Grid infrastructure, with its Web Services layer, provides an infrastructure for exposing stateful organizational capabilities. The logical next step is to identify practical methods for the discovery of these capabilities when supporting this ad-hoc business capability identificaKeywords: grid services, ontology, discovery. tion. Existing methods such as UDDI (Universal Description Discovery and Integration) 2 ] and MDS (Monitoring and Discovery Ser1. Introduction vice) 1 ] were discounted due to the limitation of a string matching syntactic approach 3 ]. A Investment Banking software is a diverse do- semantic approach was chosen because of the main to investigate — with many market-based need to understand the complex relationships categories ranging from Mergers to the Global between system capabilities. The design focus Markets. The product range include Foreign on ontology artifacts in relation to the whole disExchange, Interest Rates, Fixed Income (Bonds), covery process is the central theme — explorCommodities (from Oil to Weather) and Deriva- ing search performance with practical Financial tives. The Derivative product uses one or more Services (FS) knowledge topologies. of the base products as an underlying; a complex example being a total return swap which The remainder of this paper is organized as folcombines the characteristics of a bond with an lows. Section 2 covers related work. Section interest stream of a swap. The trade then em- 3 shows the financial service architecture. In barks on a lifecycle involving state transitions section 4 the implementation of the prototype is caused by various process enactments. Pro- described. Section 5 contains the performance cesses range from pre-trade validation between analysis. A conclusion is given in section 6 organizations to trade maturation. The result- which summarizes the findings. ing inventory contains many systems that focus on particular products, processes and geographical segments. Technological challenges arise 2. Related Work when new products combine with existing ones or with synergistic process deployment. The challenge to these organizations is to be able to Many strategies have been proposed to address adapt to new business requirements in an effec- the issues of adapting to new distributed busitive way, utilizing these capabilities in a flexi- ness requirements, either through the design of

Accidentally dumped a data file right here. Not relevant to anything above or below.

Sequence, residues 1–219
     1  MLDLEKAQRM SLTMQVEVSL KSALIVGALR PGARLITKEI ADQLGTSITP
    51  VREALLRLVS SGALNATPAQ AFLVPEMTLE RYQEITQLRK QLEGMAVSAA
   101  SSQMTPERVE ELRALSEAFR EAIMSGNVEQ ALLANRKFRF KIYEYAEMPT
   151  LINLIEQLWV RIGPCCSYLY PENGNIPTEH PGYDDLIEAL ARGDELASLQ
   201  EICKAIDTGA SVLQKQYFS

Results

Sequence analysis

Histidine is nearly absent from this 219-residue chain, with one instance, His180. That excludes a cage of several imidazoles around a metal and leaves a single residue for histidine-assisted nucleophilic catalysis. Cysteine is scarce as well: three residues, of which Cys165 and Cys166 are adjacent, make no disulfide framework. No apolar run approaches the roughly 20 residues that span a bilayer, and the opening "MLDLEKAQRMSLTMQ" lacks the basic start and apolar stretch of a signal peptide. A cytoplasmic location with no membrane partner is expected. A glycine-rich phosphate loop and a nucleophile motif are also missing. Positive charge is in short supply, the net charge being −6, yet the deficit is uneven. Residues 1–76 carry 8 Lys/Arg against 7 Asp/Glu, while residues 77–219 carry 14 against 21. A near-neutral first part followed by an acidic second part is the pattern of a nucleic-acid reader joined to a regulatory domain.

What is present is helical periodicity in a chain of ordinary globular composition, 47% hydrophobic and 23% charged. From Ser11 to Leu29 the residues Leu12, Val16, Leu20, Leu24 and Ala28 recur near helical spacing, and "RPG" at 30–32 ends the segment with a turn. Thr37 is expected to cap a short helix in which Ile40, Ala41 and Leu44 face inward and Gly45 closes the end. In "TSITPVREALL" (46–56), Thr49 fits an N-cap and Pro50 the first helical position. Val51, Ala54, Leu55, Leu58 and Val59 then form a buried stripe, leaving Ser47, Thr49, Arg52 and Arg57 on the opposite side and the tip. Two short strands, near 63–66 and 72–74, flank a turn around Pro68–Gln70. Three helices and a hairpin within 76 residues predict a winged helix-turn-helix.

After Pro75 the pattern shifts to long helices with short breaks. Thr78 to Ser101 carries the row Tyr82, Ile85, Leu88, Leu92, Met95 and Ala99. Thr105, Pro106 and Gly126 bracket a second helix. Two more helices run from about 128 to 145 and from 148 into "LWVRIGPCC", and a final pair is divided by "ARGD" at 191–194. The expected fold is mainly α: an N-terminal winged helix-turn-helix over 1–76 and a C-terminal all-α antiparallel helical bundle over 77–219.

The user can activate the matchmaker by submitting a query asking for resources that satisfy the request specification. . Segmented inventories make inter silo re-use difficult. Similar research in the Grid area was addressed by Deelman et al. in combination with background knowledge and ontologies to find the best match for the request. standard selection and multiple selection. 6 ] add. The brittle nature of application integration is then replaced with that of service integration. process or geographic concerns. The query is then processed by the TRIPLE/XSB deductive database system 9 ] using matchmaking rules. but not in a system usable format and as such cannot be readily utilized when searching for existing capability electronically. This diversity of human and system focus is bridged within this research by focusing on the use of multiple. The ontology-based resource selector exploits ontologies. 3. provides the basis for discovering capability on the Business Grid — “the grid of services” 10 ]. Three use-cases were chosen to explore the use of semantic searching: Use-case 1 — Searching for trades executed with a particular counterparty Use-case 2 — Valuing a portfolio of interest rate derivative products Use-case 3 — Valuing an option-based product These three use-cases were chosen because they provide examples of three distinct patterns of use — aggregation. Alternatively. co. SEDI4G Architecture. background knowledge. 8 ] with their resource selector. The workflow generator addresses the problem of automatically generating job workflows for the Grid. process and geographical dimensions were extracted. The explicit knowledge created from experience is valuable.existing service ontologies as opposed to more centralized or homogenized resource centric approaches. An alternative approach is to adopt a loosely coupled inventory — containing differing explicit capability knowledge. or pre-formed grouping. The use of richer explicit knowledge. the workflow approaches provide an explicit definition of how a capability is used at both a macro (the workflow) and micro level (the service). 7 ] with their workflow generator and Tangmurarunkit et al. 1) allows placement of the discovery services across Fig. The capabilities were explicitly described using OWL (W3C Web Ontology Language 11 ]) — see section 3 — and exposed as Grid services. BPEL4WS) generally focus on representing service compositions where the flow of process and the bindings between services are known a priori: : :”. “such initiatives (WSFL. can bridge the wide conceptual knowledge gap between the macro and micro perspectives. Chen et al. 1. The system operates in the application domain and chooses application components based on the application metadata attributes.266 Grid Service Discovery in the Financial Markets Sector knowledge flows as seen in Nonaka’s knowledge spiral 4 ] or the technology focus on explicit workflow design (BPEL4WS 5 ]). Financial Service Architecture Business and technical architecture of financial service applications may be segmented by product. XLANG. that is system readable. The Semantic Discovery for Grid Services architecture (SEDI4G) (depicted in Fig. In order to investigate the practical use of capability knowledge capabilities from a group of systems that spanned the product. Both approaches do not directly address an environment of changing business requirement and strategy across business silos. One problem here is that no single person. and rules for solving resource matching in the Grid to overcome the restrictions and constraints of resource descriptions in the Grid.